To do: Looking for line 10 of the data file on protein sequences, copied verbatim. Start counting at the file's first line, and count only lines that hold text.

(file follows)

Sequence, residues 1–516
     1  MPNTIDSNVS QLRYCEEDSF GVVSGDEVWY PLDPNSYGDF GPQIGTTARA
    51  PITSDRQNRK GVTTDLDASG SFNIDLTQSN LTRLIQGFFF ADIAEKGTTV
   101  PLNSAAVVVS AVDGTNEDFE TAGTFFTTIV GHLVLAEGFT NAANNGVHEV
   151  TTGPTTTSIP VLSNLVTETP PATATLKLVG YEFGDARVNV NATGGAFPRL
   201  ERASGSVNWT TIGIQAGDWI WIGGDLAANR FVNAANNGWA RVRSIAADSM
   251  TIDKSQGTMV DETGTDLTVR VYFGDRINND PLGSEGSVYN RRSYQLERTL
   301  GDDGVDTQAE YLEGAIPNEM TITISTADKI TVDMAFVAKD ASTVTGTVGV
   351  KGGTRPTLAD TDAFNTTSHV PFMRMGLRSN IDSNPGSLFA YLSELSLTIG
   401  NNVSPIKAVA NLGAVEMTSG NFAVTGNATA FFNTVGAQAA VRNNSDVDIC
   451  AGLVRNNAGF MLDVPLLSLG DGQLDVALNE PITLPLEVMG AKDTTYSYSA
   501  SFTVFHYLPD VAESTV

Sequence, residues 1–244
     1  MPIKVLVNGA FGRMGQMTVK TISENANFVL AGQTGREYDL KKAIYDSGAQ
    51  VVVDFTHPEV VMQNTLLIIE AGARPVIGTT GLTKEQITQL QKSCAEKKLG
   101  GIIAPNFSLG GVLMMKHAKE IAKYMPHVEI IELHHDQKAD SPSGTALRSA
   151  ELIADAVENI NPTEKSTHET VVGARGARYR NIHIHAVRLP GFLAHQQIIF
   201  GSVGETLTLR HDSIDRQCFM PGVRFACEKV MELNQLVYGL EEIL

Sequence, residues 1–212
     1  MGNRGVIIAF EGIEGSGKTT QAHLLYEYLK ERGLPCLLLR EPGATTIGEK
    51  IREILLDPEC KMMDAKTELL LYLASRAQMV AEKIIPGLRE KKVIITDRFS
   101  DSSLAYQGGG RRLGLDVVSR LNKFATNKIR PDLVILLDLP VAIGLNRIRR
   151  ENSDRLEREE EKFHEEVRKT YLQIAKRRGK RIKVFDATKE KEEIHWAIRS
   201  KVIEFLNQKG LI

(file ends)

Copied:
   401  NNVSPIKAVA NLGAVEMTSG NFAVTGNATA FFNTVGAQAA VRNNSDVDIC